Top 3 healthiest and unhealthiest Girl Scout cookies

Before you buy a few boxes from your local seller, take a look at which ones are better for you

It’s time for Girl Scouts to set up all around the city with their indulgent classic cookies and new additions.

If you’re watching your figure or monitoring sugar intake, knowing which cookies are healthiest — and which aren’t — could help restructure your sweet tooth craving and keep you on track with your health goals.

When it comes to eating healthy, it’s all about making the right choices, which includes desserts. According to a 2015 study, food enjoyed in “moderation through portion control may be more effective than elimination or restriction.”

Here are the top three healthiest and unhealthiest Girl Scout cookies

According to Healthline, rankings are based on nutritional facts per cookie and not serving size for a more accurate assessment that includes saturated fats, total calories and added sugars.


  • Shortbread and trefoils: They were the lowest in calories per cookie (30 and 32 calories, respectively), and lowest in saturated fat and added sugars.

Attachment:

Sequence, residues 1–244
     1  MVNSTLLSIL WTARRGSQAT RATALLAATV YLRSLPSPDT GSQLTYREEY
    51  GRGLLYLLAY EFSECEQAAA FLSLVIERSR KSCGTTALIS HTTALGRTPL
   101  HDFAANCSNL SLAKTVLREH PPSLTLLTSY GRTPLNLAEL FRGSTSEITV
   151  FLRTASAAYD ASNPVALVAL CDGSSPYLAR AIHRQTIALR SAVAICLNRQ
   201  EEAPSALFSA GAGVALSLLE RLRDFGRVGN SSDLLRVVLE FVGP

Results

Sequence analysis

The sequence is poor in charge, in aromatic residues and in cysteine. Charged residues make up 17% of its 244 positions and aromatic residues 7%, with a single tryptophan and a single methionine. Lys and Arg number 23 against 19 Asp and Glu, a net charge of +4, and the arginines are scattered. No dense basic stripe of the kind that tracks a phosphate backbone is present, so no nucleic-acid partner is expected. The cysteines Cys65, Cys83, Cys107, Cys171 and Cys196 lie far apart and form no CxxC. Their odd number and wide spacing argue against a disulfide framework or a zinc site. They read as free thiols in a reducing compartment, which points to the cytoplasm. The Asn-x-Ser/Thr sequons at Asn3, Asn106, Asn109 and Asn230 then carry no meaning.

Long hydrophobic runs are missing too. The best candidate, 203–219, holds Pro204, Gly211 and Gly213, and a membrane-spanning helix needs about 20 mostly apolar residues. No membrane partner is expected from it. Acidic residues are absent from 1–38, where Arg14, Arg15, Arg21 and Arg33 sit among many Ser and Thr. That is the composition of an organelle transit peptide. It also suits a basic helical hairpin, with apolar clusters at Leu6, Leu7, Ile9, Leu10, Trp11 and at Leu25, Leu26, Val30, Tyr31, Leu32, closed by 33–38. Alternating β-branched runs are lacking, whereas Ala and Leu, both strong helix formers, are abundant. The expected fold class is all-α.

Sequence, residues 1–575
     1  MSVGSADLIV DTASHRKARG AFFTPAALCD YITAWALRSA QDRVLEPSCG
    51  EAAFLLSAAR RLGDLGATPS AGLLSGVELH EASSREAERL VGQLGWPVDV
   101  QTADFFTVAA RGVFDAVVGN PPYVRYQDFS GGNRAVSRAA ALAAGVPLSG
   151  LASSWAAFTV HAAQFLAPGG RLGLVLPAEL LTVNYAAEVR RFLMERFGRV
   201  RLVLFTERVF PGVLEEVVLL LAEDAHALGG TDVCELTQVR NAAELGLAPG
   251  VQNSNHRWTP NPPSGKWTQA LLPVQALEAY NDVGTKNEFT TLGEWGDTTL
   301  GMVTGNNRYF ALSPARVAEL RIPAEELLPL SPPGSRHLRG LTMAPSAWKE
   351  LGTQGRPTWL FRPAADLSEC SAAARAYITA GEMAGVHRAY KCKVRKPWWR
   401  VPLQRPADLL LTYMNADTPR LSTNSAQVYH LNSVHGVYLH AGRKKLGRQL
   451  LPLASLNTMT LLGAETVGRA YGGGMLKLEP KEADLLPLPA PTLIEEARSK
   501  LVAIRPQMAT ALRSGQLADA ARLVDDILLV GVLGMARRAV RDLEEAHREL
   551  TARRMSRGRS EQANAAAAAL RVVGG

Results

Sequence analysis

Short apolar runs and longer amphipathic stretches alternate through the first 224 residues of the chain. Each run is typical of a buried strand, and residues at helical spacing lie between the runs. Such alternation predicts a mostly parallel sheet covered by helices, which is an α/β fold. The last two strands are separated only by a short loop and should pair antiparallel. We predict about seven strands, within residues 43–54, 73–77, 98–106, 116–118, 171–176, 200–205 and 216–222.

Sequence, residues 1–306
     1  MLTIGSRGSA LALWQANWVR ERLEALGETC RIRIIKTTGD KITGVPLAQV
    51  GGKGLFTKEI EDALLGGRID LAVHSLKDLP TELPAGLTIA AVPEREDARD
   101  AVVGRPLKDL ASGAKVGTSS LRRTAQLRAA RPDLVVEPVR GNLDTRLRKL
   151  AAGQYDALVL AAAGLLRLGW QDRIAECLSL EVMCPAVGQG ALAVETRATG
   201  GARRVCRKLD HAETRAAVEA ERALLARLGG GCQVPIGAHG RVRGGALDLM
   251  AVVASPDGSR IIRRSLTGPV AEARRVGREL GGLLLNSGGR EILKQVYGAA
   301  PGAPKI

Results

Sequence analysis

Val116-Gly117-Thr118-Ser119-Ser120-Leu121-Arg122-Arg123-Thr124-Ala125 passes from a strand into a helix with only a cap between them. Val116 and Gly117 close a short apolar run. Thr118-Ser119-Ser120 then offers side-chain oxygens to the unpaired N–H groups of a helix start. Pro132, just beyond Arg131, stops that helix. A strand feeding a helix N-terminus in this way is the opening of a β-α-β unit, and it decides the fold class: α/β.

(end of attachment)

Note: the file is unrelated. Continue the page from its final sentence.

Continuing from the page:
• Thin mints: They have just 40 calories a cookie and only slightly more saturated fat and added sugars than No. 1.
  • Do-si-dos: They have between 53 and 57 calories per cookie and are a little higher in sugar content than Thin Mints.


The unhealthy options include one of their latest additions the Raspberry Rally. The following cookies not only have a high-calorie count, but they also have more added sugars.

  • Adventurefuls: They have 60 calories per cookie and have a fairly high sugar and saturated fat content.
  • Raspberry Rally: The latest addition to the Girl Scout menu is the second unhealthiest with 80 calories per cookie.
  • Samoas: It’s one of the classics on the menu and the unhealthiest. While it’s lower in calories (75 per cookie) than the Rasberry Rally, Samoas have 6g of sugar per cookie.

“From a psychological standpoint, when we restrict ourselves or make something completely off limits, it could set us up to overeat or binge later,” Rachel Goldman, PhD, a licensed psychologist and clinical assistant professor of psychiatry at NYU School of Medicine, told My Fitness Pal. “This doesn’t happen to everyone, but it makes sense if you think about it. If you can’t have something, then many times you want it even more.”

In conclusion, if you want the cookie, have and enjoy the cookie in moderation.